The people who live in River Club are steadfastly opposed to the stadium, because it will bring unwanted traffic, parking, noise, light, litter, crime and other disruptions to an area known for its quiet, natural, retreat-like area along the river. In a recent survey of River Club residents, 85 percent of them rejected building the stadium. The residents who live in Hammond’s Ferry and River Club will have to live with this eyesore and intrusion into their lives for the next 20 to 30 years, and it is contrary to the very plans the city signed on to in the 2009 Master Plan for Augusta/North Augusta, also known as the Westobou Vision.
The mantra of city government is long-range planning. The 2009 Master Plan is less than four years old, and is now ready for the trash bin. North Augustans should ask for a refund on the money spent to research and draft the plan. The plan called for a hotel, yes – but on the hill across from the municipal building, not next to the river; and it didn’t call for blocking the view of the river with a huge stadium.
The city leaders put together another long-range planning document called North Augusta 2000 – The Vision Continues, full of smiling faces and glowing testaments to North Augusta’s planned development, with no one suggesting a 5,000-seat stadium should be squeezed in between the brick ponds and the Greeneway.
Let’s also debunk the standard comeback lines you’ll hear:
“This will create jobs or improve the local economy.” Studies show that lower Class A baseball teams such as the Augusta GreenJackets have no positive economic impact on their communities. Even if you assume there is a positive impact, that impact already is here in the CSRA, and moving the team two miles from its current location will not magically improve or add to the local economy.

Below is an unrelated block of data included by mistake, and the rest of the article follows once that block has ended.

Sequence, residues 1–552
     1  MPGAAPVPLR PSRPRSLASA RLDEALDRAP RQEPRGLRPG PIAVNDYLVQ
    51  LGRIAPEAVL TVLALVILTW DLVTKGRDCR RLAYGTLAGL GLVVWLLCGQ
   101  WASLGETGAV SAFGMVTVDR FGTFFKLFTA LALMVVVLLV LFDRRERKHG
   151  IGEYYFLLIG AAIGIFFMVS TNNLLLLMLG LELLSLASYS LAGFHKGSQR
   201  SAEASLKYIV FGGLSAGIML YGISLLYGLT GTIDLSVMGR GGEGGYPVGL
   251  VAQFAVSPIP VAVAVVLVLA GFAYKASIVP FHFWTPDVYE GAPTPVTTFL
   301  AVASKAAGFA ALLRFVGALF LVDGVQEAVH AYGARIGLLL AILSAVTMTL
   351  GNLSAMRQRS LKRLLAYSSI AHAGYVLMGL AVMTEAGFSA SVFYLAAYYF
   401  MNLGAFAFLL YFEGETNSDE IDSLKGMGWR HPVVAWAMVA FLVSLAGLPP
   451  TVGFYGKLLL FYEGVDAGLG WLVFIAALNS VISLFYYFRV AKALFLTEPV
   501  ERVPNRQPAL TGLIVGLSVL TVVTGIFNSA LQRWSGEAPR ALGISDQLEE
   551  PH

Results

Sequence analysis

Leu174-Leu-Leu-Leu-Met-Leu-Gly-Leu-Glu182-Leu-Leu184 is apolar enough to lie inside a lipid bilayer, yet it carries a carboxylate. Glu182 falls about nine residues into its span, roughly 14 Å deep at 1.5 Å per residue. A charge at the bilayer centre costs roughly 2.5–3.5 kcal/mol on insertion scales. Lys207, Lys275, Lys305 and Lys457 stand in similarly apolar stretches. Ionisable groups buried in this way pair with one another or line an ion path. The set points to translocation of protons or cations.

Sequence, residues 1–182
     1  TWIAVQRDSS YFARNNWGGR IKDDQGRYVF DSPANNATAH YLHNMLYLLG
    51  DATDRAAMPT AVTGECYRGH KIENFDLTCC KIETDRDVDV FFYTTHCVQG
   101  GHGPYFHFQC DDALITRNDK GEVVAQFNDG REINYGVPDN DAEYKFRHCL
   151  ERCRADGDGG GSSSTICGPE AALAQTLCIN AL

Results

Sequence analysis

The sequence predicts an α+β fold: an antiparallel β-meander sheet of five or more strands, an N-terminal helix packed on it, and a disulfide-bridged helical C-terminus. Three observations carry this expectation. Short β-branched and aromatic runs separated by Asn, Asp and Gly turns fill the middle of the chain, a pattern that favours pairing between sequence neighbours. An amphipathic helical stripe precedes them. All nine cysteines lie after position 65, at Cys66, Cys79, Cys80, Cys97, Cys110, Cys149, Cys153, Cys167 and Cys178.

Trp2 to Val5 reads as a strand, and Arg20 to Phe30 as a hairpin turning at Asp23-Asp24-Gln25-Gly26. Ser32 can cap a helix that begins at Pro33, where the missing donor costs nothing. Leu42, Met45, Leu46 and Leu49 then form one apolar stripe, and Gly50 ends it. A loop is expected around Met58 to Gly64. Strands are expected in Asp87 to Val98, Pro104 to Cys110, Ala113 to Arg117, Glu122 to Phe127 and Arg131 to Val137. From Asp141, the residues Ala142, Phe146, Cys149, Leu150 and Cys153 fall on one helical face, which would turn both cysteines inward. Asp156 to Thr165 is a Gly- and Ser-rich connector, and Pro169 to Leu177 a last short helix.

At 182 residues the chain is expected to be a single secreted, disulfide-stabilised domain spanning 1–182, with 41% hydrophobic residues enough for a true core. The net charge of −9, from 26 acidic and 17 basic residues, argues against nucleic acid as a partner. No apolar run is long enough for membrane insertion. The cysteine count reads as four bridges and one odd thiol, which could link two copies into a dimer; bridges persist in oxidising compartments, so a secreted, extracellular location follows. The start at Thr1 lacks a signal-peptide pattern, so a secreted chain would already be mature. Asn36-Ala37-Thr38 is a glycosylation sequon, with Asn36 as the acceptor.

You’ll hear: “The hotel needs an anchor so we will build a stadium.” Class A baseball teams don’t draw overnight guests to their venues. That’s not the anchor investors are looking for.
Finally, you’ll hear the mayor say, “We built the brick ponds; it’s our Central Park. Do you really think we would now destroy them?” or words to that effect. What the mayor doesn’t understand is, you can destroy the calm, restive, restorative area such as the brick ponds without disturbing one ounce of the water in them. The lights, noise, traffic and litter created by the stadium will be a hostile neighbor for the flora and fauna and people who visit the park. And one more thing: Next time you are in New York City, go to Central Park and let us know how many stadiums you see there.
Also, the use of the Tax Increment Financing district to create this monstrosity is not in keeping with the spirit, if not the letter, of South Carolina law, but that’s an issue that deserves a separate letter of its own.
(The writer is president of the River Club Homeowners Association.)